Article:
Somewhat related to this: imagine that you would manage a project where three employees, A, B, C, each have to do one aspect of the project, and the next one can start their job only after the previous one has finished. For example: specification, programming, testing. And you would have 10 days to deliver the results to the customer. Well, I would certainly create internal deadlines, e.g. A must deliver their part on day 3, B must deliver their part on day 6, C must deliver their part on day 9, and there is one day reserve. If on the day 4 the employee A tells me he is not ready and will probably not complete it even today, I would treat that as an impending crisis; because every delay caused by A means less time for B and C. -- Instead, our managers simply write into their private calendars that on day 10 we need to deliver the product to the customer, and they feel their work is done. The person A usually takes 8 days to do their part, and even then they often give an incomplete work to the B, who will work like crazy the remaining 2 days, and the part of C is usually skipped (C is testing, this is why we then have so many bugs reported by the customer). The managers start being active on day 10, usually when they return from lunch, and start reminding everyone that today is the critical day we need to deliver the product to the customer. The employee A has their work already finished, so there is no pressure on them; all pressure goes to B and C. And this keeps happening again and again, every few weeks, for years. If you try to speak with the managers about it, they tell you "yes, we are aware of the problem, and we are working on solving it". Just like they told you a year ago.

Another failure mode typical for our company is the following: there is some work X that needs to be done, but none of our employees is an expert on X, and we can't solve the problem using google (also we have other work to do). We keep reminding the management that we would need some expert on X; either a new employee, or at least an external consultant that would spend a day or two working with us. There are two ways this can end. Option 1 -- a year or two later the management finally tells us they will invite the external expert, but only for an hour or two, because the expert is very expensive. We keep waiting. A week or two later we are told that the expert already was here. "Really? Who did he talk with?" No one knows, but after another week we find out it was someone irrelevant who knows nothing about our project or about X. "So what did he ask the expert?" Most likely, it was something different that either doesn't apply to our project, or is so simple that we could have answered that ourselves. "So what did the expert answer?" Sorry, we forgot. Nope, no one took notes. Then the management says: "Okay guys, we already did what you wanted, now please stop making excuses and finally do the work we were supposed to deliver to the customer a year ago." Option 2 -- a year or two later an expert on X is hired. Everyone in the team celebrates. However, the next day the person is given a task to work on some completely unrelated Y. Why? For some reason management suddenly believes it is the highest priority of the day, although it is something we could have solved without the new guy. So the new guy works on Y and doesn't have time for X. Then the new guy is told to work on Z, et cetera. A few months later the new guy is annoyed and quits, because he wants to specialize on X, but he was given no time to do that here; so our problems remain unsolved. Then the management says: "Okay guys, we had an expert on X here, now please stop making excuses and complete the work."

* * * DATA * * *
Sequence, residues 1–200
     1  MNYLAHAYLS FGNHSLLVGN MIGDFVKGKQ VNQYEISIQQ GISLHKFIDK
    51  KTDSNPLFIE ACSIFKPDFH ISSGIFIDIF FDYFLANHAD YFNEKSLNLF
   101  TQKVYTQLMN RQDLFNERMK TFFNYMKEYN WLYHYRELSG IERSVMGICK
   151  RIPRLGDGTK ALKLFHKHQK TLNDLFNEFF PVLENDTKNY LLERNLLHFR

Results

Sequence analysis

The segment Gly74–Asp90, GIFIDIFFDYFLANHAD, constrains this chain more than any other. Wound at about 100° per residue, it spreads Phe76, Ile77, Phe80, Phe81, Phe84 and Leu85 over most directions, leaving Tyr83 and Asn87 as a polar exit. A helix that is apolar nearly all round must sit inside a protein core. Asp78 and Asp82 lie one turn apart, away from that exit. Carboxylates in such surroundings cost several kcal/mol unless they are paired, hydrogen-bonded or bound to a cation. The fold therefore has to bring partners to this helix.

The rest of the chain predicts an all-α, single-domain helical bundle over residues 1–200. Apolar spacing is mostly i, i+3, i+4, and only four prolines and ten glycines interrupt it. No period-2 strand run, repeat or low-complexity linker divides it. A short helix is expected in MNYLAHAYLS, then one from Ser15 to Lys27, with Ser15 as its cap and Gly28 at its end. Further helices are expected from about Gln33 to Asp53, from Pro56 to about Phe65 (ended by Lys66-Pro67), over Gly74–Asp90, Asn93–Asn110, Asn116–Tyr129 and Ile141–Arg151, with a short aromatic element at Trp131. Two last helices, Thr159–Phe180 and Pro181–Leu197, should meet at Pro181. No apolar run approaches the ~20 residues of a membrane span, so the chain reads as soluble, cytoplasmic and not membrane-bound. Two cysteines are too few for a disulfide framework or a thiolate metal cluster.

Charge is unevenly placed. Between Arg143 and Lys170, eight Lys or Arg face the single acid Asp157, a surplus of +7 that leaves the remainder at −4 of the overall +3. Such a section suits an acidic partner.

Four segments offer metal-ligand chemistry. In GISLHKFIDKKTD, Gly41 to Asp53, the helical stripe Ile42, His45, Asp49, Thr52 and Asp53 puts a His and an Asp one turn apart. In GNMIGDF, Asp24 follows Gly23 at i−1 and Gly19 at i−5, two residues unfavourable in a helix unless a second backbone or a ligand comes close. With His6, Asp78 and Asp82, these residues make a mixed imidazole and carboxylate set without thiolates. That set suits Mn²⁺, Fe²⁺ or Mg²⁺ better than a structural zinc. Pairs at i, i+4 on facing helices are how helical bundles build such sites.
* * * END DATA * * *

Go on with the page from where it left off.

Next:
Eh, I could go on like this for days. The point is, I don't believe there is some higher wisdom there. Other than the fact that we get government projects because of political connections, so the actual quality of our product is irrelevant as long as it works and is completed more or less on time; and even that is often a problem.

Open Thread, Dec. 28 - Jan. 3, 2016

by [anonymous] 1 min read27th Dec 2015145 comments